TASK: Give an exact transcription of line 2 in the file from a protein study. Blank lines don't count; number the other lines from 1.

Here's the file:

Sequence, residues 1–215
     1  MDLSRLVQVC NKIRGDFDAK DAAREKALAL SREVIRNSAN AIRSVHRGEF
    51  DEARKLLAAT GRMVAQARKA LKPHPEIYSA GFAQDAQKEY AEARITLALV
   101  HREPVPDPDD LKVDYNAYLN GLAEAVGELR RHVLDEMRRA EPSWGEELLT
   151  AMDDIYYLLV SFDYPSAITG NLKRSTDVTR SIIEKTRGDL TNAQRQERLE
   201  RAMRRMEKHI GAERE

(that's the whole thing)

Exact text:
     1  MDLSRLVQVC NKIRGDFDAK DAAREKALAL SREVIRNSAN AIRSVHRGEF